In a sea of ‘good enough,’ the few who are willing to Make a Show and make something remarkable are the ones who Earn Attention.
Fewer Things Better
There are a lot of other factors fighting against delivering exceptional quality. In the media, ad-supported businesses are rewarded by making production as efficient as possible and putting out as much content as possible, because more inventory + lower costs/piece of content = more revenue and higher margins.
For brands, there might be a fixed marketing budget for a content project and the inclination is often to produce as many pieces of content as possible in order to get the most bang for your buck.
I have long been a proponent of fewer things better as a content strategy, precisely because of the high bar to Earn Attention. Mediocrity will not Earn Attention. And as Tom says, you don’t deserve an audience.
“To me, it’s just one dimension. It’s just quality. Nobody consumes anything in any quantity that is not of quality.
“There’s a quote I love by JJ Watt, the NFL football player. He’s legendary for his preparation and how much work he puts in. Somebody asked him, ‘You’re at the top of your game. You’re All Pro. You’re the defensive player of the year. So why do you need to work this insanely hard? Is this really all necessary?’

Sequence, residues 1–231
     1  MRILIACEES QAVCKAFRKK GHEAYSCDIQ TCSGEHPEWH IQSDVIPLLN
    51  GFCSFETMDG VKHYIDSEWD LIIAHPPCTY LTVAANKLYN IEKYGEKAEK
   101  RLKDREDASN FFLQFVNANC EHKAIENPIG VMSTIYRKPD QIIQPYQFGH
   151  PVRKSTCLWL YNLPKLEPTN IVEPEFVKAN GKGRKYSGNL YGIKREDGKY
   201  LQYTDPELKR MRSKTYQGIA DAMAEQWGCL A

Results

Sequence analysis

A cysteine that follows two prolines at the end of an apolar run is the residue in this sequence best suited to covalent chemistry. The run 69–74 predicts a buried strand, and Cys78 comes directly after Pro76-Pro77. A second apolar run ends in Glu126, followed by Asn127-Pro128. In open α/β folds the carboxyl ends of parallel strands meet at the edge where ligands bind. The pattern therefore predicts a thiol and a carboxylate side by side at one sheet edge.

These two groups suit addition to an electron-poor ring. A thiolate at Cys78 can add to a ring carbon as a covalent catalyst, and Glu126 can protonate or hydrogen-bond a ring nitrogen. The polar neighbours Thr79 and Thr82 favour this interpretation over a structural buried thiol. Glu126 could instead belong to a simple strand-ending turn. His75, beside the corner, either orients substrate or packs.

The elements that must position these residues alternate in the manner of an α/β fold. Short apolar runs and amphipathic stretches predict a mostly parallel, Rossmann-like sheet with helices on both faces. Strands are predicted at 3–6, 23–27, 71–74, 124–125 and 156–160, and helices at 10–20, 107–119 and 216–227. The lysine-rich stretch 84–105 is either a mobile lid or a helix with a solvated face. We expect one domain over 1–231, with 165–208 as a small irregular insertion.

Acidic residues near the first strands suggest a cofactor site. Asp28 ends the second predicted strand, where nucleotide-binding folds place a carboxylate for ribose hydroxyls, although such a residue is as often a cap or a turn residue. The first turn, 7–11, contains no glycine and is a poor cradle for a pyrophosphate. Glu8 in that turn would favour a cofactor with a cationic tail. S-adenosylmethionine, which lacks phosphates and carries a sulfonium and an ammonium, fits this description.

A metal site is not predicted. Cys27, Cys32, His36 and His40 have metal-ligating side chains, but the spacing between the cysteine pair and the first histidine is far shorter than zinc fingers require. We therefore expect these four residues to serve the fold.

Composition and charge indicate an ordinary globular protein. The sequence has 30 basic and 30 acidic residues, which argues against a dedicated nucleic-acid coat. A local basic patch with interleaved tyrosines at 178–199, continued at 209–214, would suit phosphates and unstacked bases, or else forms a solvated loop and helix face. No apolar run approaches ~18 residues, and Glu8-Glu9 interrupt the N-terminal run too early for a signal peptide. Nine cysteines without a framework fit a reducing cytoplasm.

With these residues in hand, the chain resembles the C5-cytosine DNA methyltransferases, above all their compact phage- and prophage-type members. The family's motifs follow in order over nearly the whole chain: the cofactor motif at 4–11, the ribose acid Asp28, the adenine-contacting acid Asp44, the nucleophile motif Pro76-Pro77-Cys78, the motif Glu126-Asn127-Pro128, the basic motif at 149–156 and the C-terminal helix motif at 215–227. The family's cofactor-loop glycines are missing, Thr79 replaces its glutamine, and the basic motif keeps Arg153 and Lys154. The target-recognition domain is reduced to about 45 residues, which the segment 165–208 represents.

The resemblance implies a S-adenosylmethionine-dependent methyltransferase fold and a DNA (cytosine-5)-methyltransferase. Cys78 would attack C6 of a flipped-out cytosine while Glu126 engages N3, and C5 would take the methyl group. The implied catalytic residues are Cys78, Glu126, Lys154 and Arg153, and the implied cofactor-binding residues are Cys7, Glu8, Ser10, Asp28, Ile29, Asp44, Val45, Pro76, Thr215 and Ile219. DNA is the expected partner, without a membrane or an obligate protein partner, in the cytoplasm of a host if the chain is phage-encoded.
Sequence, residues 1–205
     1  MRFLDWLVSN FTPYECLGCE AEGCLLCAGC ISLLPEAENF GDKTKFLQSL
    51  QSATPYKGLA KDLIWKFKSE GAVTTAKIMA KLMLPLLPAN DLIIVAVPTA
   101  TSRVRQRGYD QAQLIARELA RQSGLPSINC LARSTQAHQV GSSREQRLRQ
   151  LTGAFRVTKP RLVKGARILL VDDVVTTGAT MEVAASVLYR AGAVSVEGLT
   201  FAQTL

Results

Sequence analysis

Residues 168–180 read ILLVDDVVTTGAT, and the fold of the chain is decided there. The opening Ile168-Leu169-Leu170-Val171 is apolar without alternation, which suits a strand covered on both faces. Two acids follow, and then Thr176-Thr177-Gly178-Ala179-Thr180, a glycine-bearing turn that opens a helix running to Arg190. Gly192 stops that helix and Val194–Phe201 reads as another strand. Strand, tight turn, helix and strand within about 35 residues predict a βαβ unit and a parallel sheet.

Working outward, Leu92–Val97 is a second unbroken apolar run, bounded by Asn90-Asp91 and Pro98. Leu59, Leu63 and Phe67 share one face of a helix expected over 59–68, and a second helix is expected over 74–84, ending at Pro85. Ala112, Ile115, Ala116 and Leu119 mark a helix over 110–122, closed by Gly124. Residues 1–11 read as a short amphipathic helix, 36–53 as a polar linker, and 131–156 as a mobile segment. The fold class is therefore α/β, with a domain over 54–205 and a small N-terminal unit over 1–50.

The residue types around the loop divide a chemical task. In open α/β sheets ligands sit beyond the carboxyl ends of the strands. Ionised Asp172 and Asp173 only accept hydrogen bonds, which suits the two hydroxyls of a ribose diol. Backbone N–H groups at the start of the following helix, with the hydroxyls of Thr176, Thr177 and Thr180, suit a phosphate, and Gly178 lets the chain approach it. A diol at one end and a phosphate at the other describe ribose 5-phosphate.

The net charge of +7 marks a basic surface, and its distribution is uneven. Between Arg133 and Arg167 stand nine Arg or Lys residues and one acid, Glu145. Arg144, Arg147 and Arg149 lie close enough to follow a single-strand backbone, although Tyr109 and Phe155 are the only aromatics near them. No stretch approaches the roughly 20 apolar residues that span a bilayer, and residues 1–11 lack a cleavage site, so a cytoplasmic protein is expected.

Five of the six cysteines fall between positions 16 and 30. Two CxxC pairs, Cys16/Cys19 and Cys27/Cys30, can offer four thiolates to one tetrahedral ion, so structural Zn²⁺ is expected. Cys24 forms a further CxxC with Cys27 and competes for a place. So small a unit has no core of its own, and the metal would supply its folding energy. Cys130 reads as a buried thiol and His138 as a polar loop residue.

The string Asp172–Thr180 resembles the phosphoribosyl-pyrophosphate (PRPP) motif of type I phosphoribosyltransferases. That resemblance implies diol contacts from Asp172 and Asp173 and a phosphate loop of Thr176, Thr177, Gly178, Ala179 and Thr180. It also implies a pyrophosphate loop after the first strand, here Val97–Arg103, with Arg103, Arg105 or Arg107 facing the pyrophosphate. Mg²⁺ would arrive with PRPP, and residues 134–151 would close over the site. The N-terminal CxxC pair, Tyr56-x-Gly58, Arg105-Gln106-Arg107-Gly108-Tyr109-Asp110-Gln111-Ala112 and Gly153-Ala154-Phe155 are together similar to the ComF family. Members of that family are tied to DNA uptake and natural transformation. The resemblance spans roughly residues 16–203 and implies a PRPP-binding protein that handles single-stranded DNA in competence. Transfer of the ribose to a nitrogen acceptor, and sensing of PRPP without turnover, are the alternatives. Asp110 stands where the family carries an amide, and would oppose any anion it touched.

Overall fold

“And JJ Watt says, ‘The person that I’m going to be playing against is not working this hard. And when we get on the field, he’s going to be found wanting and he’s going to know it, and I am going to know it.’
“If you ask a marketer who has created a piece of content:
- Would you read this yourself?
- Would you sit down on a Thursday night and watch this?
- Would you tell other people about this?
The answer’s probably no.”
These are almost verbatim the questions I ask clients when creating content strategy. If you work at a brand, adding the phrase “If you didn’t work here” to the front of each question is even more powerful. “If you didn’t work here, would you tell other people about this?”